ISO and IMG files content can be accessed quite easily in Linux. First you need to connect the iso / img files to your files system. Just as USB pen drives / memory sticks need to be connected before you can use them. For USB storage, this is normally done automatically by the operating system.

Connecting iso / img files is called mounting. The term comes from the early days of computing as a method for old mainframe computers to connect storage media. In order to attach the data storage, they were first mounted on the mainframe.

To mount iso or img files create a mount point in /mnt, then mount it:

mkdir /mnt/newiso
mount -o loop ./various.iso /mnt/newiso

Now cd into the newly mounted iso:

cd /mnt/newiso/


MPlayer On Debian

Media Player Par Excellence

If you've used MPlayer you'll know it needs to be configured before using. If you haven't used it, you're missing out on the best media player for Linux/Unix.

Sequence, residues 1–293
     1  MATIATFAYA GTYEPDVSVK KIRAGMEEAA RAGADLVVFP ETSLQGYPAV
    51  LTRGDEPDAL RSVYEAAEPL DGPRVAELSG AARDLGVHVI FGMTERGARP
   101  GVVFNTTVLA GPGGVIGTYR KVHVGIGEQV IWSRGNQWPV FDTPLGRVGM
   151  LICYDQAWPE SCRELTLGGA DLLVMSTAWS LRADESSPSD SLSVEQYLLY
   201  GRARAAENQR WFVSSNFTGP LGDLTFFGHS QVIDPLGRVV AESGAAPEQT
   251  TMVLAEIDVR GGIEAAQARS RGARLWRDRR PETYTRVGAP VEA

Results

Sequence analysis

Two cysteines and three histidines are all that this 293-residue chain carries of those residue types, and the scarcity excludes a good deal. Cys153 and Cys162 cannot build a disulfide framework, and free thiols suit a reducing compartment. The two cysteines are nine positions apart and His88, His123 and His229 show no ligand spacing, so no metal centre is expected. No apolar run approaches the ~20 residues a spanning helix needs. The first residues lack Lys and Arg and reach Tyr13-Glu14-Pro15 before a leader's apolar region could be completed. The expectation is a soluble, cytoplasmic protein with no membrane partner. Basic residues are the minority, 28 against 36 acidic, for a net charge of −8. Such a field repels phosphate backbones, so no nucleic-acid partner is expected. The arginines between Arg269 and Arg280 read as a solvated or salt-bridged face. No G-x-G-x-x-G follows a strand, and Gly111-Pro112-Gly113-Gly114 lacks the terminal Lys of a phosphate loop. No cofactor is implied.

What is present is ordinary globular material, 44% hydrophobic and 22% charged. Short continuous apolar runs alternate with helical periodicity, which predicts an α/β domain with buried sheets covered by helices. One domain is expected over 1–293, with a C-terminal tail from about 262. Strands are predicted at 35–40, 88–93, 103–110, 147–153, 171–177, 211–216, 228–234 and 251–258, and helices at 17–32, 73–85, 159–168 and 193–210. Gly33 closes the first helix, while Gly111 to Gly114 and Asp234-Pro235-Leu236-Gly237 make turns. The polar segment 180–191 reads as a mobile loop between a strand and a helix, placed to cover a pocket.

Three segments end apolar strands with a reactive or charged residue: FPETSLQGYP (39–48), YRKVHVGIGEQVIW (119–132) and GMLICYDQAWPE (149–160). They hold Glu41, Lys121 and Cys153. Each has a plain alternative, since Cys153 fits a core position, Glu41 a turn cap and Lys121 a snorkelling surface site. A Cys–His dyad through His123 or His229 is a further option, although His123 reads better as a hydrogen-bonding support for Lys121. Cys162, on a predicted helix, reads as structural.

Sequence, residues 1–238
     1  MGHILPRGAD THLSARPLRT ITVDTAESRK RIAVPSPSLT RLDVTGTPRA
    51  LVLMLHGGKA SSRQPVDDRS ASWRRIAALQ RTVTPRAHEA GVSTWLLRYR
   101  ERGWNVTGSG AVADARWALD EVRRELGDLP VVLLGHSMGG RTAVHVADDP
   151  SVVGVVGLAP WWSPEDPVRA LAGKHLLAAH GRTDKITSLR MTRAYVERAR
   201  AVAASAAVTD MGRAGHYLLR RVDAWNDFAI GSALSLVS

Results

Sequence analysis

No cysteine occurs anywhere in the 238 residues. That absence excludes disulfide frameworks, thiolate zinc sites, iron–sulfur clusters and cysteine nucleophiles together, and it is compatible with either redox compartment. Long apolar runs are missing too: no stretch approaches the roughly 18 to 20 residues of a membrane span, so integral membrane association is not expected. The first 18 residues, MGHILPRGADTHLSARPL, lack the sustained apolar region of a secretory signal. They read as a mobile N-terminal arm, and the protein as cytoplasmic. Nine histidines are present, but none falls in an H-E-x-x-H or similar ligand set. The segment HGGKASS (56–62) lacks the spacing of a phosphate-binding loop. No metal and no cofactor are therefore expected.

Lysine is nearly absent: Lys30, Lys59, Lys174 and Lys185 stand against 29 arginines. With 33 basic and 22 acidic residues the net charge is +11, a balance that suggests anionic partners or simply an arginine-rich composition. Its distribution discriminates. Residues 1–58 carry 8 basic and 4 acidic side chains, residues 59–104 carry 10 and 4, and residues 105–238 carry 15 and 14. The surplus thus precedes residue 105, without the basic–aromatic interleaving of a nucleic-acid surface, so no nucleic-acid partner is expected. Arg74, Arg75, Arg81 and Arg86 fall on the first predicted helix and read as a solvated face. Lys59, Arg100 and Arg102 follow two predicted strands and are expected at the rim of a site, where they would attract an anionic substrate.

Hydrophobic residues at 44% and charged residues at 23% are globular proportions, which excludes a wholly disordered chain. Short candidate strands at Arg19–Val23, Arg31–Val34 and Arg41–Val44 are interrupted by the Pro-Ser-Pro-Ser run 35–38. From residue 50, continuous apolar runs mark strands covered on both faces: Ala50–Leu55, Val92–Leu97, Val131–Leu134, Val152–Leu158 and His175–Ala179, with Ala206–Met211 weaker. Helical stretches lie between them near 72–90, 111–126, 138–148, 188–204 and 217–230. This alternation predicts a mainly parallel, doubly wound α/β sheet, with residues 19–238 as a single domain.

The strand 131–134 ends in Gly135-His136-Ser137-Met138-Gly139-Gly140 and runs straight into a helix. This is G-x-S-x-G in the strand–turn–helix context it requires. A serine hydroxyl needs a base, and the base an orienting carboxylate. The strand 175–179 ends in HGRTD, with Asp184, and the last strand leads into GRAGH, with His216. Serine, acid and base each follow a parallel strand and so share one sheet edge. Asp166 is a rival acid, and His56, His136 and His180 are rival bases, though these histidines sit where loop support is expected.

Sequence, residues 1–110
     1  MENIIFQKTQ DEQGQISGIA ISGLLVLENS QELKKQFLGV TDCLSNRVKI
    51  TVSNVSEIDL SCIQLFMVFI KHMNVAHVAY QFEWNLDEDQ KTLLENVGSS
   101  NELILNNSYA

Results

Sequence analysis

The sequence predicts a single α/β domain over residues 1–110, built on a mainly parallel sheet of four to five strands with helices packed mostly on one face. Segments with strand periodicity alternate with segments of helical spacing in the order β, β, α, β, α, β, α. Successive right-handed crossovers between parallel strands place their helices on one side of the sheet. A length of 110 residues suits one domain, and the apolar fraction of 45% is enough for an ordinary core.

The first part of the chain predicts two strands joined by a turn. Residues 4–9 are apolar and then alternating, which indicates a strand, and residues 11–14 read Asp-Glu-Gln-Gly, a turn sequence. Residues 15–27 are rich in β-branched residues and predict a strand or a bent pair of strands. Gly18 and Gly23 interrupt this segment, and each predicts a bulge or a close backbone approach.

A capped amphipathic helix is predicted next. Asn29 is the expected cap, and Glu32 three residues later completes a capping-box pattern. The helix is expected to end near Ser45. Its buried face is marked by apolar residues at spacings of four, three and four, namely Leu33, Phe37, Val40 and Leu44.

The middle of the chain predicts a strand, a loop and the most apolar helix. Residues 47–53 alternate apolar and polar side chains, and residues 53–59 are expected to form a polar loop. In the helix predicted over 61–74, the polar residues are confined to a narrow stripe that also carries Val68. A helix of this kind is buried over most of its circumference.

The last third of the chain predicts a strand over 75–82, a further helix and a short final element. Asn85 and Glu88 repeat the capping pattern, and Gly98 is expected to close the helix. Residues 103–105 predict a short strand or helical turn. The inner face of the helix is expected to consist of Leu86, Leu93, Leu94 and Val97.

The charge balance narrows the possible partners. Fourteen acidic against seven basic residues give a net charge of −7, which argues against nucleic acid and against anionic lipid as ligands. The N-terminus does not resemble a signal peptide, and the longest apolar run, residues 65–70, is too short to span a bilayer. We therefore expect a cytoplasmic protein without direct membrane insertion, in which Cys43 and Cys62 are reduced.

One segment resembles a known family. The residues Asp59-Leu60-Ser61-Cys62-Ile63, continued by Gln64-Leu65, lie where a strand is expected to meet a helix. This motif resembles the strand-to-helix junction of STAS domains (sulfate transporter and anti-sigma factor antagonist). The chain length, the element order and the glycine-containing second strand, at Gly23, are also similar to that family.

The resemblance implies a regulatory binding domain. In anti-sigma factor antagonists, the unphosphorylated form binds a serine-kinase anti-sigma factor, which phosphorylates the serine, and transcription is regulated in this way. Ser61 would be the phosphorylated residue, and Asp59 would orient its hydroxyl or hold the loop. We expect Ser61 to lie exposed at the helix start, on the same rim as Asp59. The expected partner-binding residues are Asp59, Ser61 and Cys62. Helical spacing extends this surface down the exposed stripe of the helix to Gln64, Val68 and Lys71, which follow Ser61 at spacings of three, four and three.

Config takes a few tweaks to get it going, but its worth the effort. Other movie players don't come close to mplayer. Its image rendering and stability are amazing. Mplayer can play almost every media file available. It tolerates broken mp4, wmv, avi, flv, and most others you throw at it, where most other media players choke.

First, if you're using the command line version, you need to pass mplayer the video output to use, if its not setup by default. You can do this by passing an argument:

mplayer -vo xv anyfilm.avi

or try:

mplayer -vo x11 anyfilm.avi

You can add the following to mplayer's config file:




The config file is located at $Home/.mplayer/config

Its dependent on the graphics card and driver installed on your system.

If you want to enable zoom, add:


Start mplayer fullscreen:

mplayer -fs -vo x11 anyfilm.avi